Oil reserves the present situation

Hydrocarbon reserves are constituted by oil and gas contained in identified fields, which can be produced under economically and commercially acceptable conditions [76].

They take into account the economic and technical conditions, such as the recovery yield which can be achieved with the available technologies, prevailing at a certain time.

According to the level of certainty with which these reserves are known, it is possible to make the distinction between reserves which are proven

(probability higher than 90 %), probable (probability between 30 % and 90 %) and possible (between 10 % and 30 %).

Resources include quantities which have been identified, but which are not considered commercially exploitable and those which have been assessed as still to be discovered.

Finally, ultimate resources comprise all hydrocarbons present or estimated, including those quantities for which no possibility of extraction has been identified. Ultimate resources include therefore hydrocarbons which cannot be transformed into reserves by using any identified technology. This appraisal can of course change with time.

Unconventional resources are those which cannot be exploited by using standard practices (or 'conventional' means), and are constituted in the case of oil by extra-heavy oils, asphalt sands or oil shale.

With the present technical and economic conditions, proven reserves of oil are estimated at 162 Gt (i.e. 1200 billion barrels), which represents around 40 years of consumption at the present rate.

The diagram in Figure 7.2 represents the different oil resources. The oil production cumulated since the beginning of oil exploitation amounts to 137 Gt. Present proven reserves, with an average oil yield recovery factor of 35%, represent 162 Gt. Fields which remain to be discovered (according to a probabilistic approach based upon the investigation of all the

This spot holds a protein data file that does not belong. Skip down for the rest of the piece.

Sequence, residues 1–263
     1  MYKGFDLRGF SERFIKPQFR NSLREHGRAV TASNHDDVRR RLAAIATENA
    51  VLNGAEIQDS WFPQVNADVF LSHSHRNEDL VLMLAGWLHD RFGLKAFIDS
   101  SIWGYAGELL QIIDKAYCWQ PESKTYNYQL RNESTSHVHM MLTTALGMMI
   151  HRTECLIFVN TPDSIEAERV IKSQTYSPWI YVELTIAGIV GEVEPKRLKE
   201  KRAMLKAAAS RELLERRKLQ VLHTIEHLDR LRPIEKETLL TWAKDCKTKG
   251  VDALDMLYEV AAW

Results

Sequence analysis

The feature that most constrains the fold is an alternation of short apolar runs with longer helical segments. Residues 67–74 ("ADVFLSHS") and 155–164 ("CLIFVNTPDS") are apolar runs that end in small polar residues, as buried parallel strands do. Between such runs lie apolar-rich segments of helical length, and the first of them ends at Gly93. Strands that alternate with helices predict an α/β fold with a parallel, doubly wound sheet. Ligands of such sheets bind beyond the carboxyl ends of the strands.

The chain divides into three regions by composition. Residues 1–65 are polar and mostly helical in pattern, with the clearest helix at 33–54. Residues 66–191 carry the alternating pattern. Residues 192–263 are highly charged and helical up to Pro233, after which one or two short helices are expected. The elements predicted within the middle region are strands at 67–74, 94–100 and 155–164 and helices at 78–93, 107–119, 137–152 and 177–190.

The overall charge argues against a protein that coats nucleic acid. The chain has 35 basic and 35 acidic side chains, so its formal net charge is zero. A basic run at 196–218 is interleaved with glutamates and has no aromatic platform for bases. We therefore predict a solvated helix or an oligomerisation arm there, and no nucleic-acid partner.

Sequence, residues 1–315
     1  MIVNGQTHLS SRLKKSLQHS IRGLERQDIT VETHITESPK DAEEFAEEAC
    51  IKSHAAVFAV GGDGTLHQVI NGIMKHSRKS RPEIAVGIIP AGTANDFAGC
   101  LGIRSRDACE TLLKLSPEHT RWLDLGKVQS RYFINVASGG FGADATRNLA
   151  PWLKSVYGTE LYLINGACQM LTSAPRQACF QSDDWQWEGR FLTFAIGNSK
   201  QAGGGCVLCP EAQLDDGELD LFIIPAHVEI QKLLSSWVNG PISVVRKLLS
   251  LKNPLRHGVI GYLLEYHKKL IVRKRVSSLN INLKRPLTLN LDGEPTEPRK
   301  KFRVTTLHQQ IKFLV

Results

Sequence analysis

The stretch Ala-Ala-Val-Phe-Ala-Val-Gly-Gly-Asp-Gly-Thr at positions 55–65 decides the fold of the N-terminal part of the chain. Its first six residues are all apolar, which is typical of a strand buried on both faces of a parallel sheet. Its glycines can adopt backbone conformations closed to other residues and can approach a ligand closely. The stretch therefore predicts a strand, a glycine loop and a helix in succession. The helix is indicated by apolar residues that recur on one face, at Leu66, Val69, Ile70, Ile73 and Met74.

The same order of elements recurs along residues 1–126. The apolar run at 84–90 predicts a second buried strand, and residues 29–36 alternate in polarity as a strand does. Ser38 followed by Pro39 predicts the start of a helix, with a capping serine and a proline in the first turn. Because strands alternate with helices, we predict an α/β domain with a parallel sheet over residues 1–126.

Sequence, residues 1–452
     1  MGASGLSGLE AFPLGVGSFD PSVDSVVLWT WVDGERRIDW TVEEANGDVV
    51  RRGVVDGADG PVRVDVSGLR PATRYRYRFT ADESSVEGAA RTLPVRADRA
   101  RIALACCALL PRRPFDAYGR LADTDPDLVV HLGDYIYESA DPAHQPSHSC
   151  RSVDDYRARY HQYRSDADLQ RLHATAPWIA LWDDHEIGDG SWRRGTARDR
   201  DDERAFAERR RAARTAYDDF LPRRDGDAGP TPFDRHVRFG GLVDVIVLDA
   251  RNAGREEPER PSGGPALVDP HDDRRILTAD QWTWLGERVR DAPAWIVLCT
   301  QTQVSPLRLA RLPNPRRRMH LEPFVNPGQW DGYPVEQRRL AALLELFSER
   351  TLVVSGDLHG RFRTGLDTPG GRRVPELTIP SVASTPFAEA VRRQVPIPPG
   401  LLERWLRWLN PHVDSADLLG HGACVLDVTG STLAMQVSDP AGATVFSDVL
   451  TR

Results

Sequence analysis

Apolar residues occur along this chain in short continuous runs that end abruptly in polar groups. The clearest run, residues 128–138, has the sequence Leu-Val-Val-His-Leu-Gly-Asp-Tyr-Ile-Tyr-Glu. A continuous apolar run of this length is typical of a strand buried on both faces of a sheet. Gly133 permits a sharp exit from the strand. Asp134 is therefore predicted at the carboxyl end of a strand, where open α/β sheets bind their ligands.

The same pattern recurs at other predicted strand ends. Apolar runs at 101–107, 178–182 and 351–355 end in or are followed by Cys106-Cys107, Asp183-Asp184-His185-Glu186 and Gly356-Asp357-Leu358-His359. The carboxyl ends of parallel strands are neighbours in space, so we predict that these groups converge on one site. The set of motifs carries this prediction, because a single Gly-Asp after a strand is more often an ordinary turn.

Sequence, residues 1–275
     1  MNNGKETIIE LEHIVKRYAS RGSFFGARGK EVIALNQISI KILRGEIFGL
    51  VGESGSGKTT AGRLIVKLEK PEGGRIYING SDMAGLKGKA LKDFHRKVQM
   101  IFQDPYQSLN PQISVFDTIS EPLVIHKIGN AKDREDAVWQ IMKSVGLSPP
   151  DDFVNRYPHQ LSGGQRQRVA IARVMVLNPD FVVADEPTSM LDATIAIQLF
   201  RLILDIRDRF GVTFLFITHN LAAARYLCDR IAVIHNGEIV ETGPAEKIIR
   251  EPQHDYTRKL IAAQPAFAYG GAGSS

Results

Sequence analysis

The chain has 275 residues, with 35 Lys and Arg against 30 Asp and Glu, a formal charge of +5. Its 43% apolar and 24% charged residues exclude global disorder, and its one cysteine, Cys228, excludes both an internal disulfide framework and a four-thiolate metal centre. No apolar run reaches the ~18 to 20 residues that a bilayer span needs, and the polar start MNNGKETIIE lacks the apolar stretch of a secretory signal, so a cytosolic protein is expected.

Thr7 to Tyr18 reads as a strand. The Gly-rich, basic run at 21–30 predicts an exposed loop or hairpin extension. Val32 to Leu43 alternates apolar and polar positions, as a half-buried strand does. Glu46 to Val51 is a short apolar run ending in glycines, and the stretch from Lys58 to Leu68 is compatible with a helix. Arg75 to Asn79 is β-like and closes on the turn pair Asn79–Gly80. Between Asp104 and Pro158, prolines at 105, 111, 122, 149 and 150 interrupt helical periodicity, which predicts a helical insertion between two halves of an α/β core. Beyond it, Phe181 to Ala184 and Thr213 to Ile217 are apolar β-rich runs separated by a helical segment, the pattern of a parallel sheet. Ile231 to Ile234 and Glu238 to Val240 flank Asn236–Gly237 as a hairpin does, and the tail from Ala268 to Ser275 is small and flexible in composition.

Figure 7.2 Oil reserves and resources (Source: IFP). Reproduced with permission from Energie & Climat: Réussir la transition énergétique by Alexandre Rojey, Editions Technip, Paris, 2008

sedimentary basins of the planet), if they were exploited with the same recovery yield, represent a further 140 Gt.

Increasing the recovery yield from 35 to 50% (through the use of new technologies) would make it possible to increase present proven reserves by 65 Gt and resources resulting from future discoveries by 60 Gt.

With these assumptions, a total amount of 265 Gt (or 1850 billion barrels), might therefore be added to the present proven oil reserves.

The resources of nonconventional crude oil are huge and amount to 460 Gt, but for the time being only a comparatively small share of these resources may be exploited.

These values can seem reassuring but two important points should not be forgotten. First, the world consumption rate has considerably increased during recent years: more oil has been consumed since 1980 (a period of 26 years) than during the whole previous period (more than a century!). From the supply point of view, the amounts of oil resulting from new discoveries do not correspond to the consumption rate by a long way. Very few giant fields have been discovered in recent years, whereas presently exploited giant fields deliver half of the total world production. Thus, the discovery of the four biggest fields each supplying more than 1 million barrels per year occurred before the 1980s.

Secondly, large uncertainties exist concerning the exact level of proven reserves. The values which are published depend upon the declarations of producing countries which may have an interest in overestimating the level of their reserves.

The uneven geographical distribution of oil reserves creates a geopolitical risk for the security of supplies, which is reinforced by the growing dependence of consuming countries.

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